In 1855 the American professor of chemistry Benjamin Silliman jr. (1816–1885) designed the first paraffin lamp (a. k. a. kerosene lamp). From about 1870 onwards kerosene (paraffin, lamp oil) was used to illuminate indoor rooms on a broad scale. Since the cheap, basic (shadeless) lamps were blinding, resourceful people thought about possible remedies they could sell. Consequently, almost all printers of card models and similar paperware, always looking for new sales opportunities, took up the idea to produce lampshade construction sets. Of course the shades were printed with fashionable and popular motifs that might enhance sales. What would have been easier than making them into exhibitions of an ideal world or far-off countries? Thus, from the end of the 19th to the beginning of the 20th century, lampshades became a popular way to satisfy one's yearning for "beautiful places". Constant favorites were images of exoctic regions, in particular if they were way out of reach for the buyer; common examples (for US citizens) were Switzerland, India and Turkey. A very popular additional effect were "night images" – transparent sections that produced, when back-lit by the lamp, an illusion of seeing a night view of a town or landscape. If you are interested to read more about lampshades we recommend the corresponding chapter by Dieter Nievergelt in our book „Von der zweiten in die dritte Dimension – 500 Jahre Bauen mit Karton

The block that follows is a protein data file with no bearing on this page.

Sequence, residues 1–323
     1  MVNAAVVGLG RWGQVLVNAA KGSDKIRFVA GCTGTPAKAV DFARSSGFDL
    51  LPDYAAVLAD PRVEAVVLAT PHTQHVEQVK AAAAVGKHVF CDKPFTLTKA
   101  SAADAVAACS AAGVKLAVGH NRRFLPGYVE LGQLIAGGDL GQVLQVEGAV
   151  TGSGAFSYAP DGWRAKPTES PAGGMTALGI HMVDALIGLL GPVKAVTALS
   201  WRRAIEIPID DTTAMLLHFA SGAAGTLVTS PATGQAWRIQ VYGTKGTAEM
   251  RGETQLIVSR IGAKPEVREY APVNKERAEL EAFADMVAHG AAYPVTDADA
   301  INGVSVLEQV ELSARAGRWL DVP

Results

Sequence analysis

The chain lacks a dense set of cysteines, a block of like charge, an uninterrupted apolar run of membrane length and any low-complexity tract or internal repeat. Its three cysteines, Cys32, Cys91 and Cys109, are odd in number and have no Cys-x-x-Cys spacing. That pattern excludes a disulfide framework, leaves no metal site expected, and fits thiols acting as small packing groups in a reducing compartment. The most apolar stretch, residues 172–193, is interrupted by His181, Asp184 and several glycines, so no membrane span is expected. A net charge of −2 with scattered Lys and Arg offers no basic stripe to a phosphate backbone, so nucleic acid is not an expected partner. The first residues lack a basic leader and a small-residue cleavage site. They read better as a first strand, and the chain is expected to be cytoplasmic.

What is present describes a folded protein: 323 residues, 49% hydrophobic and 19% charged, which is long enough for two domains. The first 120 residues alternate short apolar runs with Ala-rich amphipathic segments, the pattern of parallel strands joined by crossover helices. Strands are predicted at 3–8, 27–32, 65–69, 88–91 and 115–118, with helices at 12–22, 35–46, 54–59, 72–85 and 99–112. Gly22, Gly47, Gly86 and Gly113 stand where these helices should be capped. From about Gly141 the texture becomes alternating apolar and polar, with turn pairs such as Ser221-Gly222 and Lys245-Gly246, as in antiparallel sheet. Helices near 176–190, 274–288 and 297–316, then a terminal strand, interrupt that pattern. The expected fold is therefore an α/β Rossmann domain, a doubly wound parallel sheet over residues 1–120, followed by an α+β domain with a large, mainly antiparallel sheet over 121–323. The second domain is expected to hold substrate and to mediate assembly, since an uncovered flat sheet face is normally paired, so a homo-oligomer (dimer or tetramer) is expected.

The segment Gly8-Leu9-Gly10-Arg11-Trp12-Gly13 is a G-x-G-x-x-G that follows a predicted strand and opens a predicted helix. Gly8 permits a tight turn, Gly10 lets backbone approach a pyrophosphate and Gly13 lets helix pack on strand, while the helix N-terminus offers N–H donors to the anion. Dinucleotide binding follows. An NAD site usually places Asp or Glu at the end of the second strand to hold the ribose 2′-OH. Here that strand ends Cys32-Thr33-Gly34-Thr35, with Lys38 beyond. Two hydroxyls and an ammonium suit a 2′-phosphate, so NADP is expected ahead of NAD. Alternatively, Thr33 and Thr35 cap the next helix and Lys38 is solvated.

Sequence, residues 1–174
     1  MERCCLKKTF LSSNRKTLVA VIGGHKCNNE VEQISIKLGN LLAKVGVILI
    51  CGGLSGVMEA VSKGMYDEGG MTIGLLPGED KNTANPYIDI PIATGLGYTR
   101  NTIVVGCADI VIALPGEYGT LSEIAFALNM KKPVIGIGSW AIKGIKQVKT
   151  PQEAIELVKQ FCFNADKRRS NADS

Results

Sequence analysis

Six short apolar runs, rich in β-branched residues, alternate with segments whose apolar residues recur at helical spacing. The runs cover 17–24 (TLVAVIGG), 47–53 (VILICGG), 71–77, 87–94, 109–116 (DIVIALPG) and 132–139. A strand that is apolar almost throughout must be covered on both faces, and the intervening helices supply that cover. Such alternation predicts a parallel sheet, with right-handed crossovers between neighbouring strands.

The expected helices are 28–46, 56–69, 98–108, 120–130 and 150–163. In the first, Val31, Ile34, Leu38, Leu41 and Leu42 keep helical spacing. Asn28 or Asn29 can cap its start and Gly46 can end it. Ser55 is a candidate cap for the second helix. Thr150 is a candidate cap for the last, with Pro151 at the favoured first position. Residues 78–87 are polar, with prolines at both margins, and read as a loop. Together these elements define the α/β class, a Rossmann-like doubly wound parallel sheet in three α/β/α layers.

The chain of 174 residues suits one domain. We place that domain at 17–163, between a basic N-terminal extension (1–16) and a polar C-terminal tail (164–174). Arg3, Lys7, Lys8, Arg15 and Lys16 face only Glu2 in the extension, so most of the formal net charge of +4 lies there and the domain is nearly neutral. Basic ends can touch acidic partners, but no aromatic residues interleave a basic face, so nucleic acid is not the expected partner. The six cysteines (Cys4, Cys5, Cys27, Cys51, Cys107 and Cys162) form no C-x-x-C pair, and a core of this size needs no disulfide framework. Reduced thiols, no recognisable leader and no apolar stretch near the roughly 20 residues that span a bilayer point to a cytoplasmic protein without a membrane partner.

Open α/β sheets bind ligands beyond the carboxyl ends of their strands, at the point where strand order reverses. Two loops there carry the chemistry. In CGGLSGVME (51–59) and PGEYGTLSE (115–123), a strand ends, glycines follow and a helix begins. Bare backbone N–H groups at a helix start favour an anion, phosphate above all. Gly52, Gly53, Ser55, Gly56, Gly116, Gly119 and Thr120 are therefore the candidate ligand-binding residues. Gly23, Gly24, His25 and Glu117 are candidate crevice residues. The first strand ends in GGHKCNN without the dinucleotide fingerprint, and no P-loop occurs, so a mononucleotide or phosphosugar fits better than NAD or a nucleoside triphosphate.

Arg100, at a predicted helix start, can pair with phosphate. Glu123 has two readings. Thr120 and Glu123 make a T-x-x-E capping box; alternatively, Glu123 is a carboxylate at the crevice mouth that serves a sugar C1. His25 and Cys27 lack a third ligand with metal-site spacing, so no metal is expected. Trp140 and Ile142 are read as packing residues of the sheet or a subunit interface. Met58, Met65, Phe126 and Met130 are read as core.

“ (p. 217), Möckmühl 2015.
At the "modell-hobby-spiel" fair 2016 in Leipzig the AGK had, among other things, 11 such lampshades on display, built by Dieter Nievergelt. In 2017 a smalle exhibition in the Schreiber museum in Esslingen shows approx. 20 different lamp shades. Because of a strong public demand we offer selected historical lampshades for download so you can print and build your own. All models shown are from the collection of Dieter Nievergelt who has also built the models and provided the images.